Indigo, morinda & other natural dyes
Many countries have used indigo in fabric dyeing including Japan, Taiwan, Central & South America, Thailand, Africa and of course, Indonesia… to name a few.
Folding, wrapping, tying: fabric is prepared for an indigo dye bath and several dips are required to achieve color intensity.
Folding and tying the fabric for dyeing.
Fabrics are dipped and rinsed repeatedly.
And this was the result!
To achieve the very deep indigo blue we’ve come to expect would require dipping dozens of times with the fabric drying in-between. You can see why indigo commands the high price it does.
In addition to looking beautiful, indigo fabric repels insects.
Blue jeans were initially dyed with indigo, but to keep the price down chemical dyes were later substituted.
Root scrapings of the morinda tree are soaked, boiled, mashed and squeezed to produce dye.
Only ¼ of the root system is unearthed every year so the tree can recover and be used year after year.
Traditional weavings are often limited in color as this one is.
Morinda produces the red/rust color, indigo provides the blue, white is left undyed and the “black” is a combination of indigo and morinda.
Root scrapings of the morinda tree that will be soaked, boiled, mashed and squeezed to produce dye.
Dyeing silk threads for ikat weaving.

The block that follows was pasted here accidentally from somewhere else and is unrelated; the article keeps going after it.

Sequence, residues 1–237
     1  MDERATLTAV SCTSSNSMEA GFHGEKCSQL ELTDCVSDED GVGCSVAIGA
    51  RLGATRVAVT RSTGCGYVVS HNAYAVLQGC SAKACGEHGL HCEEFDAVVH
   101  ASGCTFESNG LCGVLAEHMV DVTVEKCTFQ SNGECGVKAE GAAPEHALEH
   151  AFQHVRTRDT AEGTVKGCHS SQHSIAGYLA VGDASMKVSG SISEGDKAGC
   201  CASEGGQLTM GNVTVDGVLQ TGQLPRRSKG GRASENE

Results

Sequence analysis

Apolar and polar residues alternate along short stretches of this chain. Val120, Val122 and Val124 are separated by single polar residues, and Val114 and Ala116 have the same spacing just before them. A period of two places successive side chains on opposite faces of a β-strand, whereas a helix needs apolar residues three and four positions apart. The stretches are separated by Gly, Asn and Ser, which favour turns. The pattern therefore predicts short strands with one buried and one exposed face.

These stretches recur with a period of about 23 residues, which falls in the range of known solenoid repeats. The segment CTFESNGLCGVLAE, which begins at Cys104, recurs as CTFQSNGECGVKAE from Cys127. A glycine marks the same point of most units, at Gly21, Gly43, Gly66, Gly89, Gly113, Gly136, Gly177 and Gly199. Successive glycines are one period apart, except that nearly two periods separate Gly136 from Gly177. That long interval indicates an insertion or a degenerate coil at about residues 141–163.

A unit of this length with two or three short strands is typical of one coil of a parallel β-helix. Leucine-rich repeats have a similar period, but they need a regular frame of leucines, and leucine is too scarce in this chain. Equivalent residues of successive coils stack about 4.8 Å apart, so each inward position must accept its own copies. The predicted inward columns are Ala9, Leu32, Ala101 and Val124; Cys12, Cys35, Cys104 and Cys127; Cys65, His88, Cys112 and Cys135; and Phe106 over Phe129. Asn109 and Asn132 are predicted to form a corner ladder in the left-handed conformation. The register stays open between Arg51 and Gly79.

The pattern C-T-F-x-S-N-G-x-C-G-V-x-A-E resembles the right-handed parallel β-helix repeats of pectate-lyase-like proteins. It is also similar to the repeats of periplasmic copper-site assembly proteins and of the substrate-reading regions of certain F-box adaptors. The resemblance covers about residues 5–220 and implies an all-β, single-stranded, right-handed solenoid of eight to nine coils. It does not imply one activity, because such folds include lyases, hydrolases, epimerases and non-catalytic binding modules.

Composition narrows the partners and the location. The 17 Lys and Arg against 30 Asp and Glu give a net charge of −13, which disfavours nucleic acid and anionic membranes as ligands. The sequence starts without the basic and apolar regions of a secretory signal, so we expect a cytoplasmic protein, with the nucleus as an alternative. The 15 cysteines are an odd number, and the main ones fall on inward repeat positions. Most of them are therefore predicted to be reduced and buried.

The rust-colored mash on the right is the root scraping of the morinda tree. It will later be wrung by hand into water to form a dye bath.
The dyer is dipping silk threads in the morinda dye.
She is master dyer/teacher/Balinese textile historian Ida Ayu Ngurah Puniari.
Morinda can range in color from gold to deep red.
As with indigo, the color intensifies the more the fibers are exposed to the dye.
Learning dyeing and weaving techniques
D’Ayu teaches traditional natural dye and weaving techniques to local women to preserve the culture and to help them contribute to the family income.
Here D’Ayu demonstrates supplementary weft weaving where the silk threads float above the warp.
Learning weaving techniques.
As the daughter of a Balinese high priest, D’Ayu is also the keeper of ceremonial cloths for her ancestry.
These weavings tell stories or depict ancestral occurrences or dreams.
The weavers take great pride in their work and can help support their families with part-time work in the home.
These backstrap looms collapse and are taken home by the women so they can work as they have time.